3500 presets come with this version, and you can access them using a multiple-entry filtering system. First by selecting the name of one of the synths, when you’re looking for a specific grain. Then by typing, i.e. bass, brass, efx, FM, guitar, etc. Then by characteristics; it’s a system that you find with a lot of editors. These entries/selections aren’t mutually exclusive, i.e. you can add up several choices, from the instruments to the characteristics: for example, if you need all basses, hard, funky, short, from the ARP and minimoog. In this case you’ll have a choice among 52 presets (there’s an “Entries Found” line giving the amount of matching presets). This is a very fast and practical way to find a sound. You can also mark your favorite presets, then find them again in a dedicated section, as well as directly selecting User Presets. You can imagine the time you’d need to check out the 3500 presets if this system wasn’t used. In these times of gigantic sound/preset libraries, most editors are perfectly aware of the necessity of this kind of tool; tools that are found in lots of software (Apple, Arturia, Native, Sony, etc.).
Loading time is pretty long (35 seconds), due to the fact that each audio engine must be loaded in order to insure the fastest change from one preset to another. You can choose to display only the keyboard, the preset section or both. The Toolbar offers the usual Save As, Save, Delete (these last two for user presets only), Import and Export. There’s also a MIDI activity LED, MIDI channel selection and a global tune setting (more or less a half-step).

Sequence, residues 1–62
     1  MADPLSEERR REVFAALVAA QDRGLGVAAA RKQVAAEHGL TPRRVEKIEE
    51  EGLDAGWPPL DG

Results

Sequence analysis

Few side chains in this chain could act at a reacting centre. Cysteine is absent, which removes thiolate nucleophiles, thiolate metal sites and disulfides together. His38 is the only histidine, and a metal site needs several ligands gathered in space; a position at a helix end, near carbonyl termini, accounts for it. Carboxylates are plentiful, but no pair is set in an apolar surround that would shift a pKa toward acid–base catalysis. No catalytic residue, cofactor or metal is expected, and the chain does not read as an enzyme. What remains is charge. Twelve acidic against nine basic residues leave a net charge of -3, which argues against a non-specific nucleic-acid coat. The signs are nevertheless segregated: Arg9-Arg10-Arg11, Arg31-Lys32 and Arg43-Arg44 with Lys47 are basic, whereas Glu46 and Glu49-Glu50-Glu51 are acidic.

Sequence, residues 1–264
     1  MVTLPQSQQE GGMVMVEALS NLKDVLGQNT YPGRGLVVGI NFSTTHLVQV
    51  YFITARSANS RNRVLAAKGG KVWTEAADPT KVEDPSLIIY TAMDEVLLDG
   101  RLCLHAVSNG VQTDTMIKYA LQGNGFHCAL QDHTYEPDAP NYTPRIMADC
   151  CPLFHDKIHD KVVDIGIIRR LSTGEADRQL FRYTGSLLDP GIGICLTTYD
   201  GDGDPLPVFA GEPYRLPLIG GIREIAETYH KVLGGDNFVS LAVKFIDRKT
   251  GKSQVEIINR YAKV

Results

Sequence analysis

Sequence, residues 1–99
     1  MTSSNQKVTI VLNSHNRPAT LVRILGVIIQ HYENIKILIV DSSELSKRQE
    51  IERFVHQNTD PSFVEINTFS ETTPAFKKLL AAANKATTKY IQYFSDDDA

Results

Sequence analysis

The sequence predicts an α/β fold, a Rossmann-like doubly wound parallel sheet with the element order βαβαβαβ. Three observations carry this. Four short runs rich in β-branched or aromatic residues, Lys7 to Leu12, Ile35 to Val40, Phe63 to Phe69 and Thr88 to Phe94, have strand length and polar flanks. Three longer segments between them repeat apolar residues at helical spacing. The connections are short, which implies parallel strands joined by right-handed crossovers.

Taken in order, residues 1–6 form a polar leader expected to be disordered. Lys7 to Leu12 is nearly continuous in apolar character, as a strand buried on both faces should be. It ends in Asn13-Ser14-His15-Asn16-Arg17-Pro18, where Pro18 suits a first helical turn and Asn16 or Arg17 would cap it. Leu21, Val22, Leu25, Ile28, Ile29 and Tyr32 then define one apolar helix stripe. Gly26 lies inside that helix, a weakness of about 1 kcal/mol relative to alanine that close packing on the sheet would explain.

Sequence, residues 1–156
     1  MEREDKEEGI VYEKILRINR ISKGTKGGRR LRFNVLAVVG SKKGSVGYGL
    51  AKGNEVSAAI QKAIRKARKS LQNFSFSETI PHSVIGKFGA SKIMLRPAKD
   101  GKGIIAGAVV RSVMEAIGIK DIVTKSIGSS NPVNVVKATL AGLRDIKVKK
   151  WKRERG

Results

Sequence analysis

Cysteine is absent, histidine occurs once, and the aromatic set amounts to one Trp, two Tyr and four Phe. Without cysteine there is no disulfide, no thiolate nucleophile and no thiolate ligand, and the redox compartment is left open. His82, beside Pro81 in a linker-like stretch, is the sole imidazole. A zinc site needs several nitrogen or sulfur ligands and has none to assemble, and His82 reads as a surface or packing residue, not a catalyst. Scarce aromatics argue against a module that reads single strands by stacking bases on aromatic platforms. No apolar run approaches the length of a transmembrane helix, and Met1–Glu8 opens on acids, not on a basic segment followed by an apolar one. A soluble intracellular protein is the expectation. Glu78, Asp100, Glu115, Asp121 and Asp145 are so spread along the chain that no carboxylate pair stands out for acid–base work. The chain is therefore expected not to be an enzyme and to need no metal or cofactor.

The central screen displays preset selection filters, the corresponding entry list (each column can be used as a higher level category for preset classification), a picture of the used synth, the preset creator’s name and its factory defined polyphony. An Edit button lets you set and refine copies of the factory presets with pre-programmed parameters (either via the interface or keyboard controllers).
Controllers & co.
The sound design team has set these 3500 presets according to pre-programmed parameters, ie CutOff, Resonance, LFO Rate and Amount, Dry/Wet balance for Chorus and Delay, and a four-segment amplitude envelope (ADSR, of course). You’ll also find a Volume setting, two Octave buttons, eight Snapshots (fast parameter save and recall) and four Key Parameters. Because there’s a MIDI Learn, you can also map your own MIDI settings, however you’ll lose the correspondence with the supplied keyboard’s controllers, due to the fact that they’re fixed.
Key Parameters are variable modifiers, mapped according to presets: they can alter the oscillator tuning, time of envelope segments, transpose, oscillator volume, Cutoff of secondary filters, etc. As a general rule, the Key Parameters are mapped to the most characteristic parameters of a preset, in order to offer musically relevant variations (or not...).